Vlad -   Malicious guys, based underground.  so, they'll be able to fish out credit card details from your computers.  They'll be able to see their memory.  It will inject itself into the browser and will compromise everything you see on screen through the browser.  It'll be able to capture any form submissions which you are sending out via HTTPS.  It's called form grabbing.  For example, you visit an HSBC webpage.  Everything looks legitimate but before the browser renders up, the html will be able to inject some additional code into it, so whatever you see will be hijacked.  There might be additional field added to it asking for your date of birth or your credit card number due to security reasons or whatever.  So, everything can be done.  Once you compromise the system, everything on the system as well as everything that sits behind it within that work environment is basically a open air.

Graihagh -   I've learned a little bit about some of the security issues about what happens when you're at home and in the workplace, but what about when you're on your holidays?  Well, I've just stepped outside the conference with Stephen Kho and Rob Kuiters from KPN to talk a little bit about what happens when you're roaming abroad on your mobile phone or tablet.  Normally, when you're at home, you're browsing the web.  That data goes straight to your network.  But when you're traveling in another country, there's an additional network it has to go through and that network is the GRX.  Now, you've both been looking at the security of this additional network GRX.  But first Stephen, what sort of data are we talking about here?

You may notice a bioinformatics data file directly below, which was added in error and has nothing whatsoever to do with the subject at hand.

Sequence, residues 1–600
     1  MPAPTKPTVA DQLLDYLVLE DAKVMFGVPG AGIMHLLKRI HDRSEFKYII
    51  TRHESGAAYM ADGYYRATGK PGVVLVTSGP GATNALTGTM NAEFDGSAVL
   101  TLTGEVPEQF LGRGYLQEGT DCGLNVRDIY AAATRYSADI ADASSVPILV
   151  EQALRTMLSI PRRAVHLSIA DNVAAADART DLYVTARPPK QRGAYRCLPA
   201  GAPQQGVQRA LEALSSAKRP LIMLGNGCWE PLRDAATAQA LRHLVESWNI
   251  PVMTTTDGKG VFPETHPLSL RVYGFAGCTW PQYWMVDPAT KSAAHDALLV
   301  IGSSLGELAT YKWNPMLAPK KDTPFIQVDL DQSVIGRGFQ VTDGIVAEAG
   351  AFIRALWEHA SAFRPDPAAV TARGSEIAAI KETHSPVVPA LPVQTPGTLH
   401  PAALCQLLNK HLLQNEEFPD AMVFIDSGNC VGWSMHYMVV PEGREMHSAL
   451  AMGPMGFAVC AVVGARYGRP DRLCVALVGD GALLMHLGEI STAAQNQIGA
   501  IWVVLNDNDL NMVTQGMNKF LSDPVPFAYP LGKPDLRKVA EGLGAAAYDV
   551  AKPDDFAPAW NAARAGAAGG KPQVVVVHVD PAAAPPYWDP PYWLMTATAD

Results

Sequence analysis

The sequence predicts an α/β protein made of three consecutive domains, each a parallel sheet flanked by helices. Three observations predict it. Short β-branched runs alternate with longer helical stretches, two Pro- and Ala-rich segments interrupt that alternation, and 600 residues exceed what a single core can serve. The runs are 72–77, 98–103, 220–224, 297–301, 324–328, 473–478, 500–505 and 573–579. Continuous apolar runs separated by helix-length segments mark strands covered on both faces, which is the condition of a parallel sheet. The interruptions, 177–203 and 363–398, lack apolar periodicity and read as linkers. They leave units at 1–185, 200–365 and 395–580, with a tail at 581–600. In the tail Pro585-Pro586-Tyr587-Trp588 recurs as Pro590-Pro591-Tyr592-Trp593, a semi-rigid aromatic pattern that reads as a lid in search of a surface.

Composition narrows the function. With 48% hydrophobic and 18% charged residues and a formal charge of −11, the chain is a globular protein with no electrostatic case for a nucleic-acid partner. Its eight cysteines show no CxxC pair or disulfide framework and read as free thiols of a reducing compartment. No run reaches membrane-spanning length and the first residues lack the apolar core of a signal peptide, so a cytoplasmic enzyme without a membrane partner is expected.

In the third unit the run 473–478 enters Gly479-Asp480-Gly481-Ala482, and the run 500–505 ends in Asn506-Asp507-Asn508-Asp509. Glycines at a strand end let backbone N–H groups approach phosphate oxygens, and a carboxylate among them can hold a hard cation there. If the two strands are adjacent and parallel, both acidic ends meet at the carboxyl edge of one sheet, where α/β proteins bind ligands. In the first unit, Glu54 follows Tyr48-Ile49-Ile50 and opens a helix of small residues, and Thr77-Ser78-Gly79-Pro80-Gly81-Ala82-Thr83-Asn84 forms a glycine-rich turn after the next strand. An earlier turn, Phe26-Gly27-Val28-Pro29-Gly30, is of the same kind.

Stephen -   GRX carries the roaming data part.  So, not the voice or your SMS text, but anything you do when you're browsing the internet for example.  So, if you log into yahoo mail, Gmail, your Facebook, all data related goes through across that.

Graihagh -   What's your work revealed?

Stephen -   We discovered actually that so much of the GRX network equipments - so the servers and different systems - were fully out of date, misconfigured, missing patches.  And so, with easily available hacking tools you could reach it and exploit those systems and then subsequently, you could capture this information.

Graihagh -   What sort of information are we talking about?  I know we say we've of logged into Facebook, but does it really matter that they've seen a few friends and I've written that I like that person's photo on Facebook?

Rob -   I think there's more data carried across.  It's not only your content, but also your credentials.  So, you're using your passwords.  You could access all these kinds of information on this network.

Stephen -   On top of that, GTP which is the protocol information, that has your location details.  It also reveals what sort of equipment you're using.  So, if you're on an iPhone 5S or a Samsung S5, that sort of information is available which means that you can have a really targeted exploit against you if you were the person of interest.

Graihagh -   So, it's not just generic sweeping data.  It's actually data that's very, very personal to you.  Surely, that's illegal.  Surely, that shouldn't be allowed to happen.

Stephen -   Well, that's very difficult to say because we don't actually know what kind of legislation or what kind of freedom these intelligence services have.  But you can, if you want to, protect yourself by using a VPN solution.  So, there are quite a few numbers of applications which you can install on your phone which encrypts your information from your phone towards a server.  So, you have additional security measures there.  It's more difficult for them to extract the information out of that traffic flow.  That's the kind of protection you can take care of yourself.